Projections from the BP Energy Outlook 2016 spell out an interesting time ahead for Africa's oil and gas operators
The report, which is released annually by BP, concluded that while Africa accounts for more than half the world's population increase and is projected to have 30 per cent more people than China by 2035, the continent accounts for less than 10 per cent of the growth in both global GDP and energy consumption over the outlook. The outlook makes projections up to 2035.
Globally, the outlook reports that fossil fuels remain the dominant source of energy for the world economy, providing 60 per cent of the growth in energy and accounting for almost 80 per cent of the total energy supply, down from 86 per cent in 2014. Across the world, gas is the fastest growing fossil fuel at 1.8 per cent per annum, with its share in the overall energy mix gradually declining. Lower gas demand, combined with more US shale gas on the market, has led to a downward revision for non-OECD gas supply, particularly for Africa.
Oil is growing steadily at 0.9 per cent, although the trend of declining share continues. LNG is also projected to grow, which is positive news for emerging LNG projects in Africa.
Coal, which has grown steadily since 2000, is projected to decline sharply at 0.5 per cent per annum. It is expected that, by 2035, coal's share of the energy mix will be at an all-time low with gas replacing it as the second-largest fossil fuel source. Shale gas production, which has transformed the US energy market, is slowly increasing in Africa.
Among the non-fossil fuels, renewables are growing rapidly at 6.6 per cent per annum. Today, renewables make up three per cent of the overall energy share and this is projected by BP to rise to 9 per cent by 2035.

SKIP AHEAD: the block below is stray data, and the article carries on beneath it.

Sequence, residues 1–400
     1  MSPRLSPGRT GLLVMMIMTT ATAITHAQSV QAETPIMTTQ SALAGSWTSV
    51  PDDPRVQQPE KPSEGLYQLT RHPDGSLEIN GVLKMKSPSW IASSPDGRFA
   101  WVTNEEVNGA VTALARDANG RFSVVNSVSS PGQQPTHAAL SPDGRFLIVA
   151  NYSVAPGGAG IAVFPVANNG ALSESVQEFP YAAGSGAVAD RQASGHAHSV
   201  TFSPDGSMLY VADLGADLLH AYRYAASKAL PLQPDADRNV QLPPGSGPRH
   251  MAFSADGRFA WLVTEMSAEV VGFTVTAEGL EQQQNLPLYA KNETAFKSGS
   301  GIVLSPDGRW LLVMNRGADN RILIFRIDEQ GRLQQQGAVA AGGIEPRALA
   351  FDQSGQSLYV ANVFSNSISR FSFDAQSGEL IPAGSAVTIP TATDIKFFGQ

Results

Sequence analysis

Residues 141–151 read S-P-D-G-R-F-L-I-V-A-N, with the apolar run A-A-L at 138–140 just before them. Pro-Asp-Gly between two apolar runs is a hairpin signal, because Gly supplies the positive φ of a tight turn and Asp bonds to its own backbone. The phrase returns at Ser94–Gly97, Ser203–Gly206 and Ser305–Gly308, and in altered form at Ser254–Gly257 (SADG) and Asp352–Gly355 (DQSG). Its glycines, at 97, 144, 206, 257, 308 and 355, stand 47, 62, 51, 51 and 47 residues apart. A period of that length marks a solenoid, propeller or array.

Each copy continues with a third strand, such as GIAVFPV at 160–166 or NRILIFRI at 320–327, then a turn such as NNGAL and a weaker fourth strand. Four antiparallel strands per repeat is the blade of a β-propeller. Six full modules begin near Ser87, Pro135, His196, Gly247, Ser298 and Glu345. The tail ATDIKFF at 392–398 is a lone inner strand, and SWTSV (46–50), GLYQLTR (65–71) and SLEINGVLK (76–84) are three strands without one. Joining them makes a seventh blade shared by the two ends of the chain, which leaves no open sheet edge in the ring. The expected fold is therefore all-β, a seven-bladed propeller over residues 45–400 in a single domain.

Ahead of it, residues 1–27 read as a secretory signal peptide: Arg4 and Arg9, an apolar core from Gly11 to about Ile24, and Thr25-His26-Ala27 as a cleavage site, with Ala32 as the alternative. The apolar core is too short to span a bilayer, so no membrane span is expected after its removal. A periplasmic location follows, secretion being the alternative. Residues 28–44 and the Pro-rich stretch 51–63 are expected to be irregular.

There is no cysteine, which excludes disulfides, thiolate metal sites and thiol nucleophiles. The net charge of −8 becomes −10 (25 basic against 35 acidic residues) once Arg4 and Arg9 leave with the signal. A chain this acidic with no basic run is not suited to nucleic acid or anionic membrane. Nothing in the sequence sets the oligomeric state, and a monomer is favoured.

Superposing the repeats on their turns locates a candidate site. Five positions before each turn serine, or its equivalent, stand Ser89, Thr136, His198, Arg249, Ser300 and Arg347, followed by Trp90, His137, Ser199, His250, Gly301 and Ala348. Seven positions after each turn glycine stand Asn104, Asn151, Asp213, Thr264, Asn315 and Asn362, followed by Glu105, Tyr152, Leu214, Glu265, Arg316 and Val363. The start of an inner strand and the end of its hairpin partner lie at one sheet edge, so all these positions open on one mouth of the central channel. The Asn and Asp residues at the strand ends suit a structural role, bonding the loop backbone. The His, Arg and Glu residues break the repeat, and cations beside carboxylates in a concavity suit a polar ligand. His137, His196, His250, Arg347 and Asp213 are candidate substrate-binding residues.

Power generation is an important source of growth for oil and gas in Africa as more than half the increase in global energy consumption is used for this purpose as part of the long-run trend towards global electrification. The report found that more than a third of the growth in the power generation sector takes place in regions, such as Africa, where large parts of the population currently lack adequate access to electricity.
Improvements in energy intensity - the amount of energy used per unit of GDP - means that energy demand is growing far less quickly than global GDP (34 per cent versus 107 per cent). For Africa and other non-OECD economies, this means the energy intensity is projected to keep falling even as African countries go through the industrialisation phase of their development. However, carbon emissions in non-OECD countries continue to rise, compared to a slow but steady drop for OECD countries. BP recommends a meaningful global price for carbon as the most efficient means of achieving improvements in carbon emissions.